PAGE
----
On 21 August 2013, the world was shocked to see images of Syrian civilians, including many children, who appeared to have been the victims of a gruesome chemical weapons attack in the Ghouta area of Damascus. The United Nations investigation of the incident confirmed that chemical weapons were used there on a relatively large scale, in the context of the ongoing conflict in the Syrian Arab Republic.
The attack served as an impetus to diplomatic efforts to find a way to eliminate the chemical weapons programme of the Syrian Arab Republic. Those efforts produced the Framework for Elimination of Syrian Chemical Weapons dated 14 September 2013, agreed upon between the Russian Federation and the United States of America in Geneva.
On the same day, the Syrian Arab Republic deposited with the United Nations Secretary-General its instruments of accession to the Convention on the Prohibition of the Development, Production, Stockpiling and Use of Chemical Weapons and on Their Destruction (Chemical Weapons Convention), and declared that it will comply with its stipulations and observe them faithfully and sincerely, applying the Convention provisionally pending its entry into force in the Syrian Arab Republic.
On 27 September 2013, the OPCW Executive Council adopted a historic decision EC-M-33/DEC.1 on the destruction of Syrian chemical weapons programme. This decision was endorsed by the unanimous adoption of United Nations Security Council resolution 2118 (2013) on the same day.
The Executive Council decision set out an accelerated programme for achieving the elimination of Syrian chemical weapons by mid-2014. It required inspections in Syria to commence from 1 October 2013 and called for ambitious milestones for destruction which were to be set by the Executive Council by 15 November.
The decision was informed by the preceding Framework Agreement on the elimination of Syrian chemical weapons, reached by the Russian Federation and the United States of America on 14 September, and facilitated the request by the Syrian Arab Republic that the Chemical Weapons Convention be applied ahead of the formal entry into force of the Convention for Syria on 14 October.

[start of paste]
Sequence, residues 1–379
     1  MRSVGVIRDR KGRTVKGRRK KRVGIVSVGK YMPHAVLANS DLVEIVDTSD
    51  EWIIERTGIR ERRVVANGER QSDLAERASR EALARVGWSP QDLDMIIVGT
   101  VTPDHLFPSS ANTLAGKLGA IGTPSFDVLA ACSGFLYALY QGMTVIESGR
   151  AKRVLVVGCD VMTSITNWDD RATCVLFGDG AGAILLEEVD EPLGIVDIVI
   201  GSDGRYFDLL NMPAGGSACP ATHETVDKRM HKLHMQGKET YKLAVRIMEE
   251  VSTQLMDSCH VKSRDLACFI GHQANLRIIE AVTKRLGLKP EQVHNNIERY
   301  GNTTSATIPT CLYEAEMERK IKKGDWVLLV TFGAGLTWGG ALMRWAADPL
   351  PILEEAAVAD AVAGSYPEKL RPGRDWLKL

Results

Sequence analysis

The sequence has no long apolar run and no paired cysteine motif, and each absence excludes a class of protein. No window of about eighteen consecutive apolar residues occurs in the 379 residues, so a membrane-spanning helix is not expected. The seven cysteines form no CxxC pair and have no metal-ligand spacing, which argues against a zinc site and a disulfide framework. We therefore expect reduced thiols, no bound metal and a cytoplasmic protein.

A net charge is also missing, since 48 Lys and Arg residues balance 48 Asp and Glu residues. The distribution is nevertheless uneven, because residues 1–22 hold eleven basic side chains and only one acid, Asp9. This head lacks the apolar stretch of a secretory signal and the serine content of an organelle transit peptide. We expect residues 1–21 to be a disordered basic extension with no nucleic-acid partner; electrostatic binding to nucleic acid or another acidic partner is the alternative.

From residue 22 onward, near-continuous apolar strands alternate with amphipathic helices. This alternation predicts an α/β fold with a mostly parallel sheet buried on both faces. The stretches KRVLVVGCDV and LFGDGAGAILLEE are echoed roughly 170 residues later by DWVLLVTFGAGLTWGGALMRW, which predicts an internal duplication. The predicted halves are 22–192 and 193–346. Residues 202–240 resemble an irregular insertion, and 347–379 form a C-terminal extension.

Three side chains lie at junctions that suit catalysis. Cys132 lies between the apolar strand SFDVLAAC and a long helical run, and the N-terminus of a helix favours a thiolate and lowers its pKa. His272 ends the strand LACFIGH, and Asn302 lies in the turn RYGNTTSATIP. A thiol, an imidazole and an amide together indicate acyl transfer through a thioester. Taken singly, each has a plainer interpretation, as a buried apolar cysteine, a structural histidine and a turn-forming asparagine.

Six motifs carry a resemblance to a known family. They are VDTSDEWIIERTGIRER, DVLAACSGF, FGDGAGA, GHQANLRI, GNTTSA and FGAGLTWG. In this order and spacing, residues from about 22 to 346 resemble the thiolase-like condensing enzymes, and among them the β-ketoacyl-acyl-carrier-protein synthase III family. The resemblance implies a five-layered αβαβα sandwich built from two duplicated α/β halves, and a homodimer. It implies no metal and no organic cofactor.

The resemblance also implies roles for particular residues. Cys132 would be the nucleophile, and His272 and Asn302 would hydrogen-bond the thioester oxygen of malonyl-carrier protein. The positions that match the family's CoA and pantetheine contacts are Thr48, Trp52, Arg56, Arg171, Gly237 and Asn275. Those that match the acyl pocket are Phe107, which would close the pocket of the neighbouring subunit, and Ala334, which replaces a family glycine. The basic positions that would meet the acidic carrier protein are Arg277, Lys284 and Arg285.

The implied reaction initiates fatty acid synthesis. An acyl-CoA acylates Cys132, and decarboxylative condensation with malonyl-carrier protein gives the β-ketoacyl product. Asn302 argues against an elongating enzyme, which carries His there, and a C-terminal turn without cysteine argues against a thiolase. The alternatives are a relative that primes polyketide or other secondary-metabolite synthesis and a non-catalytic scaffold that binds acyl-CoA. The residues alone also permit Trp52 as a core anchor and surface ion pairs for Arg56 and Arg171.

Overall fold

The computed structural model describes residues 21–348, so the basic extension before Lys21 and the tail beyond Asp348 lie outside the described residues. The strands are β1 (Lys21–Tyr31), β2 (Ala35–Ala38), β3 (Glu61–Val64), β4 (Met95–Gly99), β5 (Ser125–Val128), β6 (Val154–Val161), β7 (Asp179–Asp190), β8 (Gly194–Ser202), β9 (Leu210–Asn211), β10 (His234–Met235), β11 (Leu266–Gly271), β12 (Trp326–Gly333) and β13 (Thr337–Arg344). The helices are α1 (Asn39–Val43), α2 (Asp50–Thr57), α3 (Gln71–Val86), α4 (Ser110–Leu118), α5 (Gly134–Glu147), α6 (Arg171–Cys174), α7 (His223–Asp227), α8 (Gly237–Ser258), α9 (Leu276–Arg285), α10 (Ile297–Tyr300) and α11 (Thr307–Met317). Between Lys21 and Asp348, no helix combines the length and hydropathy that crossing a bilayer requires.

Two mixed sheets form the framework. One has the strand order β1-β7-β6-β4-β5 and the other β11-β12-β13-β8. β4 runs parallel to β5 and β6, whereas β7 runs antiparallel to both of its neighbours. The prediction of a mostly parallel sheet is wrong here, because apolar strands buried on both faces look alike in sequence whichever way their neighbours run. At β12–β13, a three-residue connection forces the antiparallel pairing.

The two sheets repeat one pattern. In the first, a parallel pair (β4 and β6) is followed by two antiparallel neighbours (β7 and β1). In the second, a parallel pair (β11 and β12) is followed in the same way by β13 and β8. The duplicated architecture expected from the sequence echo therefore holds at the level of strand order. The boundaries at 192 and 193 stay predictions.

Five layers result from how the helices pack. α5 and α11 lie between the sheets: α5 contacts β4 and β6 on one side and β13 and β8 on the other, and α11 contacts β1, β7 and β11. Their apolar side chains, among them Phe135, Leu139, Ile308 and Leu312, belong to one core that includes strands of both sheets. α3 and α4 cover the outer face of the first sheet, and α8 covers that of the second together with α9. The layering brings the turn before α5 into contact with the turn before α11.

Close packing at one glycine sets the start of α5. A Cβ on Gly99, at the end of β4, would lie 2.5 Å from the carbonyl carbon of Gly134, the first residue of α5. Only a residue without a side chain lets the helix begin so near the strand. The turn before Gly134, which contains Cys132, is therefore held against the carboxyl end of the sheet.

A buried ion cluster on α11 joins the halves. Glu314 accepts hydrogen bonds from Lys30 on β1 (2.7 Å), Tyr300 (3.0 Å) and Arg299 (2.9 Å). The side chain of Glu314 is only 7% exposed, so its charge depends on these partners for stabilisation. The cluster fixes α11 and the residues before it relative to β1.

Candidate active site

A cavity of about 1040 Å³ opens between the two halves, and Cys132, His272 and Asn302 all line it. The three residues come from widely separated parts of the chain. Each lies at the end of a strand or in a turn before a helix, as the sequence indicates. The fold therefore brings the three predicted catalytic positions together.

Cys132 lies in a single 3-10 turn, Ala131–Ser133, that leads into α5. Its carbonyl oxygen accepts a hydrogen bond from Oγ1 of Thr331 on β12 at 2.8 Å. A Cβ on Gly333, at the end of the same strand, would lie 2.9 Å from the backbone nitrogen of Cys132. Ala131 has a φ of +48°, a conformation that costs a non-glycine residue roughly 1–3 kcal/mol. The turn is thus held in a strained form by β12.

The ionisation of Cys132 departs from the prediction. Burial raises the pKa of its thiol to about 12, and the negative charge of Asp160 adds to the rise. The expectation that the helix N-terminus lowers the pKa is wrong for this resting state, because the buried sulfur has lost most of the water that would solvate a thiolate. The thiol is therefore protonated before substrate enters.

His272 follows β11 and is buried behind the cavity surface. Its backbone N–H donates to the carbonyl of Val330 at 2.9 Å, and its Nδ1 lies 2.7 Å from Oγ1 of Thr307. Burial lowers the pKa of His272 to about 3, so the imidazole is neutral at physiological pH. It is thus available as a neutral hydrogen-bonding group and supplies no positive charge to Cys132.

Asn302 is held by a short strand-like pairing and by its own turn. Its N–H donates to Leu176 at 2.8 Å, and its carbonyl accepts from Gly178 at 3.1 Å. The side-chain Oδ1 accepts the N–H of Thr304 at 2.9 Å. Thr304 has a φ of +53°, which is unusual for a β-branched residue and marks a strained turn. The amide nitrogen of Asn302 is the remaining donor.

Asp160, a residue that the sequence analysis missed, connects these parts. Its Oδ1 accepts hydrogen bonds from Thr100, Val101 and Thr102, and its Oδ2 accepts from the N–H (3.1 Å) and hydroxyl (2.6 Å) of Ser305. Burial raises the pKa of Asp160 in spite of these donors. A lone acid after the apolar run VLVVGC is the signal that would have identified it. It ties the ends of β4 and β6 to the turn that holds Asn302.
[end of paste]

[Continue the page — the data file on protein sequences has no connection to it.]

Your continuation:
Following the adoption of EC-M-33/Dec.1 and Resolution 2118 (2013), UN Secretary-General Ban Ki-moon and OPCW Director-General Ahmet Üzümcü worked in close consultation to develop recommendations on the setting-up of the Joint Mission and to plan for the implementation of OPCW Executive Council decision EC-M-33/Dec.1 and UN Security Council resolution 2118 (2013). These recommendations were presented by the UN Secretary-General to the Security Council in a letter on 7 October and subsequently endorsed by the Council.
The OPCW-UN Joint Mission in Syria was formally established on 16 October 2013. On the same day, Ms. Sigrid Kaag of the Netherlands was appointed Special Coordinator of the Joint Mission. Both the establishment of the Joint Mission and the appointment of the Special Coordinator were made in close consultations with the OPCW Director-General. The Special Coordinator’s mandate entailed to report to both the Secretary-General and the Director-General, provide overall coordination of the Joint Mission activities, and liaise and coordinate with the Syrian Government, opposition groups and the international community.. To support the Joint Mission’s operations, separate but complementary Trust Funds were also established by the two organizations.As mandated by the Security Council, the Joint Mission’s main tasks were to oversee the timely elimination of the Syrian chemical weapons programme in the safest and most secure manner possible.